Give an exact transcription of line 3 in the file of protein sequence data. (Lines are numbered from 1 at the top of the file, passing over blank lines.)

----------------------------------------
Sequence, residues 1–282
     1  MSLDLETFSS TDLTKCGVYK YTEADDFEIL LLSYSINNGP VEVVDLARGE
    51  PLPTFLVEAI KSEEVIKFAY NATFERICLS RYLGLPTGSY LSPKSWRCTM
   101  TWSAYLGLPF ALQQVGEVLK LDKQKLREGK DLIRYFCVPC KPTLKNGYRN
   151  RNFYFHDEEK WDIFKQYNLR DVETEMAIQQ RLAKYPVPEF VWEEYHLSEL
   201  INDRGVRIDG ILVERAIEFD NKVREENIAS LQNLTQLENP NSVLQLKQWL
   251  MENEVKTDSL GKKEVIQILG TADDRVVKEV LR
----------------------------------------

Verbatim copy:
    51  PLPTFLVEAI KSEEVIKFAY NATFERICLS RYLGLPTGSY LSPKSWRCTM